By Samson Echenim
A joint committee made up of officials of the Nigerian Maritime Administration and Safety Agency (NIMASA), shipowners, bankers and technocrats in the maritime sector have been described as a game changer.
Mkgeorge Onyung, president of Shipowners Assocaiation of Nigeria (SOAN) told business a.m. in Abuja, that the committee which is led by Temisan Omatseye, a former director-general of NIMASA would find a lasting solution to the hydra-headed challenges of growing Nigeria’s maritime industry.
According to him, the committee will among other responsibilities, come up with ways to make the indigenous shipowners take over cabotage trading completely.
He said, “For 15 years the Cabotage Act has been with us without effect, but now we thank God that NIMASA has admitted that there must be a limit. It (NIMASA) has issued marine notices about some ships that will be banned in the next five years. Again, it has constituted a joint committee of NIMASA officials and maritime industry stakeholders and I am one of the members of the committee, with a few other ship owners.
“The truth is that the issue of Nigerians taking over cabotage trade is at the front burner of NIMASA’s activities right now and that committee is headed by a former DG of NIMASA, Temisan Omatseye. We are going end all problems of cabotage. The committee also has bankers, and we are engaging all stakeholders in this committee. So, for cabotage, I cannot say what happened in the past but what we are saying now is that we as shipowners, NIMASA and other members of the committee, we are going to make cabotage work. That is a national assignment and it is a game changer.”
According to him, the next phase of ship ownership in Nigeria would be something big, with ship repair yards and human capacity being planned for a revolutionary sector change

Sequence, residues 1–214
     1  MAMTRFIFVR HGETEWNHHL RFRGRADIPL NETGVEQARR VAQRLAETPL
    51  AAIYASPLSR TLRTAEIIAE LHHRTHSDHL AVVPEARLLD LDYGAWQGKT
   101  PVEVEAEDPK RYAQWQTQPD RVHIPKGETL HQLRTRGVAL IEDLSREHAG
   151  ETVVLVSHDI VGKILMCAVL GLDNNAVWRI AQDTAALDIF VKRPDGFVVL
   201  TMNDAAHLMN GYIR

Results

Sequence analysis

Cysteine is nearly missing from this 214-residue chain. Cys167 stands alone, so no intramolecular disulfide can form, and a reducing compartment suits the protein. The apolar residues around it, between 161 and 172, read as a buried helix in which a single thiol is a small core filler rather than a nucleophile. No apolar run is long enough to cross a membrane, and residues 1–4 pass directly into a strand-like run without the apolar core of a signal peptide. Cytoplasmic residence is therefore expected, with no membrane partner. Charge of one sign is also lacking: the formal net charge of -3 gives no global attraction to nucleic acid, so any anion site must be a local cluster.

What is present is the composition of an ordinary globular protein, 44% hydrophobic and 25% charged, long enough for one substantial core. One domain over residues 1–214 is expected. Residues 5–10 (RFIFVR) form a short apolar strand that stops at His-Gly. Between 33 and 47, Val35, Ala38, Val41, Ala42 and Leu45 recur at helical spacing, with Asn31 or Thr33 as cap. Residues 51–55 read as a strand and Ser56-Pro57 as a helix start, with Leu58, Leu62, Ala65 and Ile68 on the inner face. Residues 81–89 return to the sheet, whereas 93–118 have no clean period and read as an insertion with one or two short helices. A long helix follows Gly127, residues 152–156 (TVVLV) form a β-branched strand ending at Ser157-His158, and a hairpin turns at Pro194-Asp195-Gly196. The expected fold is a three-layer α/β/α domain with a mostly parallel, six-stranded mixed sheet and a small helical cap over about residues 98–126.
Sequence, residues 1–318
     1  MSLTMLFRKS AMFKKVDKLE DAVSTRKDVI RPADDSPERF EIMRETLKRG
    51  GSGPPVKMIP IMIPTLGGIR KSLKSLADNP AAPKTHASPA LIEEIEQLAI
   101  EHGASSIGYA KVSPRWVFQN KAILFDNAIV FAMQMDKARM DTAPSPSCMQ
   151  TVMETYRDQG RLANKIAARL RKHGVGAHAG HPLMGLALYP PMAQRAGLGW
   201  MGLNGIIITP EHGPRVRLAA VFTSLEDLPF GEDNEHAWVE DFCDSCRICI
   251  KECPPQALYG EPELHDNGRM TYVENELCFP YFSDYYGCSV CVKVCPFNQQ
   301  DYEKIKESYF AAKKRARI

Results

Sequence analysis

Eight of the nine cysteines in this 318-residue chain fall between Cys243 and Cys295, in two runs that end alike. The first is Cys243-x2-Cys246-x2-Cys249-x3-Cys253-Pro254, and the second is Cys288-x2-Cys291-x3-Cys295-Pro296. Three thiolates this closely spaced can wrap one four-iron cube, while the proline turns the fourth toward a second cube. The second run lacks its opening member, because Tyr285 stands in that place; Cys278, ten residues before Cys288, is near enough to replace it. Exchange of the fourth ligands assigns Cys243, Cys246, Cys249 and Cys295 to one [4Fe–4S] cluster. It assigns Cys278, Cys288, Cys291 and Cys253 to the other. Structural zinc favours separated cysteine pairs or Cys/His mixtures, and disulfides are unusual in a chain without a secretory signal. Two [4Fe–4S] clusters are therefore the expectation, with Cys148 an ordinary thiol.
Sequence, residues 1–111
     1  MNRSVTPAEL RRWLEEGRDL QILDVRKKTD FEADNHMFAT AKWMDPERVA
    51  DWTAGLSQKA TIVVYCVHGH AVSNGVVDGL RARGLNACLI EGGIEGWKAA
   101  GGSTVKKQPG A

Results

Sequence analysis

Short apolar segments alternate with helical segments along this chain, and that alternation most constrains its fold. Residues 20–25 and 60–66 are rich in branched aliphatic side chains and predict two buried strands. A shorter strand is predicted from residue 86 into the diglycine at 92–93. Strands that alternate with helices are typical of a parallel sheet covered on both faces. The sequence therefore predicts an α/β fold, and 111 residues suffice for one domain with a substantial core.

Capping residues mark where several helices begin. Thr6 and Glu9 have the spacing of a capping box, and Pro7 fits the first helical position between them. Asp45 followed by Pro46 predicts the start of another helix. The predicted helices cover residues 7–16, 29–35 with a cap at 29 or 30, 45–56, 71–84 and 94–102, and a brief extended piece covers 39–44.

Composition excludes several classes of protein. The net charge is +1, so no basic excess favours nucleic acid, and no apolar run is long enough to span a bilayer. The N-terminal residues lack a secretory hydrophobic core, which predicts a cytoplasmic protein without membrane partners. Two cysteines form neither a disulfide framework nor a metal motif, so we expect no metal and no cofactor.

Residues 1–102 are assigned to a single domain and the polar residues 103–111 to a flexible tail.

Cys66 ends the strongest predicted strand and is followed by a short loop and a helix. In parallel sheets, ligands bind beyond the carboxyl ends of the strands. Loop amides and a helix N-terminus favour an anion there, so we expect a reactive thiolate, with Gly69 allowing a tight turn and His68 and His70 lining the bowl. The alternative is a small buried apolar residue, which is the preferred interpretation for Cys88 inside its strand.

He continued, “So, what we are saying is that in the past, we have had the Nigerian National Shipping Line (NNSL) and that shipping line, all its ships disappear because there were no shipyards to even maintain the ships. That is not all the reason the ships disappeared but the most important reason that made them disappear was that everywhere they went for dry docking those they were owing simply went there and arrested the vessels.
“In order to ensure that even after we establish our national fleet, we have to also take the shipbuilding and ship repair seriously so that we repair our ships here. We gain by ending capital flight and by providing millions of jobs. For every maritime job, there are seven secondary jobs created. So, it is all good business. It is good for business. We are talking about government being able to understand this and so on.
“We shipowners, want to show a beam of light to the industry. We need to know that we have the capacity to change this country and that is why we are having this conference. Even our oil exploration and sale is reliant on shipping. Oil is about a small fraction of global business. If you don’t have ships, oil will go nowhere. It will take time, but I’m glad that government agencies such as the NIMASA, the NCDMB and other regulators are now getting serious.”
Frontpage February 20, 2020
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